Been a while since I’ve done one of these! I have to get some tabs off my Firefox and I don’t really have a lot of time to blog them individually, so here you are.
In case you haven’t seen it, Stephanie has weighed in on the hilarious conflation of sex-positivity and pedophilia a theist has accused
Justin me of recently. As is her wont, Stephanie did not address the hilariousness of the religious apologist’s claims. Instead, she posted an essay, and a suicide note, that will cut you to the quick, no matter where you believe the source for morals might be. Hopefully the apologist will simply shrivel up and blow away at this. I mean, I doubt it, but I can’t help but hope so.
And is it any surprise that public opinion on homosexuality throughout history has been so damaged by prevailing modes of thought, especially those argued by theists since roughly 1400? In Canada, where gay marriage is legal coast to coast, psychiatric care professionals in Alberta can still reference the code for homosexuality in making claims for compensation. That’s right — Alberta still considers homosexuality a mental illness.
Meanwhile, the Baptist Press is ‘appalled’ that an iPhone app with the text of the Manhattan Declaration was rejected from the iPhone store. They are upset that the reason that was given was that the homophobic content is potentially damaging to gay people — upset because that, in effect, tells them that their faith is potentially damaging to gay people. If you ask me, they’re just upset because the truth hurts. Their faith, founded as it is in hatred for all things alien, has interpreted their holy texts in such a way that they believe gives them free license to be bigoted against people they already hate. Dovetails nicely with the recent attempt at calling atheists pedophile-friendly, considering how this app (and the declaration) claims that homosexuality is equivalent to incest.
PZ Myers posted an image flowchart on whether to engage certain people in discussion about a topic. If I were to follow it, I’d never get the delicious trolls that I do. Don’t get me wrong — most of my trolls are people I would have no problem with having their public input license revoked. But my tactic with trolls has been to use them as examples — to hold them up to those of their belief systems as “what not to be like”. If you disagree with me, but you follow this flowchart, you and I will almost certainly have a good discussion, even if we fail to convince one another of our respective points. If you follow this flowchart and land on “this is not a discussion” or “you cheated”, I intend to go on pointing this out, to put your head on a proverbial pike for the next troll to come along and fail to honestly discuss the points they have to make.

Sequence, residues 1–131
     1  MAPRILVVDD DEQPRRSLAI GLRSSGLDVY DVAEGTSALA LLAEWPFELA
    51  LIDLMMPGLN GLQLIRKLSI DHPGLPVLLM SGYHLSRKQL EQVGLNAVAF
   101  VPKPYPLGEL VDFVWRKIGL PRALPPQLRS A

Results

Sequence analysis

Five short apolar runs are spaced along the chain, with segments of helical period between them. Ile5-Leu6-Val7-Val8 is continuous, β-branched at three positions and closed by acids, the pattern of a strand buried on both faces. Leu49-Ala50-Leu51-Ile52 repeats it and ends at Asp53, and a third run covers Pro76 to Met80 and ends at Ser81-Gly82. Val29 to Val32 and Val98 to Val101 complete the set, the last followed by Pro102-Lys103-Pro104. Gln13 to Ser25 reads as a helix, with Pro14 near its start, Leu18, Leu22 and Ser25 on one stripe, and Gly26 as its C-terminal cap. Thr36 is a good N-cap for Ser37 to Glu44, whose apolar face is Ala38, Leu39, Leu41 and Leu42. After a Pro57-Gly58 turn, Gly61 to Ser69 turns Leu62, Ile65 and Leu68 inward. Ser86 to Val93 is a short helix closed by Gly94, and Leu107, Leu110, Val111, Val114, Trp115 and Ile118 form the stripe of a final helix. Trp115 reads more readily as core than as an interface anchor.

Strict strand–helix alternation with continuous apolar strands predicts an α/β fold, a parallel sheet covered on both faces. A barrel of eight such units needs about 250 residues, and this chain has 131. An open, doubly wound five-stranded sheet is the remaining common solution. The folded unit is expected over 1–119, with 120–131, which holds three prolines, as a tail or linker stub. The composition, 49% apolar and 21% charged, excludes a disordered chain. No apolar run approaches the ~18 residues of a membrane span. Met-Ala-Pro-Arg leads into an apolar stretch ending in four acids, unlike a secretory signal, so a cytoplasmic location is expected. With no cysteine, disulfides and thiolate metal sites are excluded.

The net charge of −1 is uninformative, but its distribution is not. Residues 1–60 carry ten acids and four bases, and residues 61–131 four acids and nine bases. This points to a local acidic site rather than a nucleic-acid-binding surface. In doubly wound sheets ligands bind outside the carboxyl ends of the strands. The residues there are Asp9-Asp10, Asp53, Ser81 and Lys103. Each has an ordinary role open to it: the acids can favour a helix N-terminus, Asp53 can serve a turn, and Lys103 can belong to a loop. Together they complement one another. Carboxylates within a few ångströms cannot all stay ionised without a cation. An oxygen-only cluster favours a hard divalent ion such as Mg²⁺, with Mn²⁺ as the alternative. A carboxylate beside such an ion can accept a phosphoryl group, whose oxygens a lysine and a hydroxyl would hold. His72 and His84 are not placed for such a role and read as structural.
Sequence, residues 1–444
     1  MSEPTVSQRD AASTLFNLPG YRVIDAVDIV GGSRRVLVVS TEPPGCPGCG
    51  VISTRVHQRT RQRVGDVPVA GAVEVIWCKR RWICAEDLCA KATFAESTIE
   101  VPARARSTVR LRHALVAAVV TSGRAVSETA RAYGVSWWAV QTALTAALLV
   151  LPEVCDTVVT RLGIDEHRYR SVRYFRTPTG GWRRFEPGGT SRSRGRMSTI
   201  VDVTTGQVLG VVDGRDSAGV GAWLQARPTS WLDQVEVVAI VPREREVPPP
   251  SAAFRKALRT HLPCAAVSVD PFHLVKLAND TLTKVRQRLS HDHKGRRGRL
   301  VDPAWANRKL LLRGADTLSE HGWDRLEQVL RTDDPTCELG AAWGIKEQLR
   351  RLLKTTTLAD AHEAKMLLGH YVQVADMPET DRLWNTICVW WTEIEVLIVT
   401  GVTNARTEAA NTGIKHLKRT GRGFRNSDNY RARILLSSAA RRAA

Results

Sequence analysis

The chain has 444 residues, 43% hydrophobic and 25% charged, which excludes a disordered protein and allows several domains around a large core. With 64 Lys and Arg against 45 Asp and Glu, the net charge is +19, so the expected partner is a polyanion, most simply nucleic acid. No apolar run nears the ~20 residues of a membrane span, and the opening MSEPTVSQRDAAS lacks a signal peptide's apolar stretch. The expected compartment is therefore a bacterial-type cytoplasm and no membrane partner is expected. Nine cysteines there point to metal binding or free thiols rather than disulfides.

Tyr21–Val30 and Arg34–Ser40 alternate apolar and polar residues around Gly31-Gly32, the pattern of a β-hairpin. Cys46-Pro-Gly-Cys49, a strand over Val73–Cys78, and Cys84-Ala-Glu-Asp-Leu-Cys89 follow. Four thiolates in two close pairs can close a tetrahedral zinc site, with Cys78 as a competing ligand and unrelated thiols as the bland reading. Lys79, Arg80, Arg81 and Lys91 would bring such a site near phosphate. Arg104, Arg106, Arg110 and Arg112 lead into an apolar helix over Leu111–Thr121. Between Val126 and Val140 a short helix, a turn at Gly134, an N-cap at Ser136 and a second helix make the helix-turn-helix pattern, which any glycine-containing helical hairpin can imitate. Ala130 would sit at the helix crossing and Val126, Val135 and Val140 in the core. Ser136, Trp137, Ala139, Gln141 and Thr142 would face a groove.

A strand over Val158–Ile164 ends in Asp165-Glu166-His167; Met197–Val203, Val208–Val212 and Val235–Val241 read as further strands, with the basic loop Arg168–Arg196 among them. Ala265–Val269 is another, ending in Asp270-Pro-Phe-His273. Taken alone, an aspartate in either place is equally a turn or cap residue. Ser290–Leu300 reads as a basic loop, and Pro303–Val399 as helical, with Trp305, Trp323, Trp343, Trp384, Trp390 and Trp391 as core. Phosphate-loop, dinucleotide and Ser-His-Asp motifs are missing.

The inestimable Orac discusses the circling of the wagons going on in the antivax camp, as their hero Andrew Wakefield is demonstrably shown to have perpetrated elaborate fraud in creating the only study underpinning their entire belief system. Nobody’s abandoning Wakefield in the wake of his proven mendacity. They will go on believing what they want to believe, damn the evidence. Theirs is a faith-based movement, in other words. Sad.
In Pakistan, a governor who opposed blasphemy laws was assassinated by, you guessed it, a religious fundamentalist. Blasphemy laws are bad, but religious proscriptions against blasphemy and dogmatic adherence to fundamentalism are worse. If you’re not allowed to disagree with the prevailing opinion about a religion without risking being killed, you do not live in a free society. In fact, you live in the kind of society Jack Chick tracts generally describe as precursors to the End Times (only without the rampant secularism).
A scientific study discovered the “secret ingredient” that makes religious people happier: other people. Your sense of happiness is evidently directly correlated to how often you congregate with a large number of like-minded individuals — not to the reason you congregate, but rather to the act of congregating. This comes as absolutely no surprise to me. Humans are social animals, and most of our morality is directly related to our ability to empathize and interact with others, so being happier because you’re interacting with people often is totally expected to me.
And finally, here’s an interesting thought — what if Buddha’s ‘enlightenment’ was a stroke? The parallels are really strong between the stories about Buddha’s enlightenment and the description of a stroke survivor of how your brain interprets the storm as it’s happening. Given that we have no way of going back in time to diagnose properly as it’s happening, I doubt we’ll ever know for sure, but it’s certainly a neat postulate. Likewise, I suspect other religious figures (at least the ones who weren’t outright con-artists like Joseph Smith) may have been experiencing some form of medical condition when they experienced what they claim to have experienced.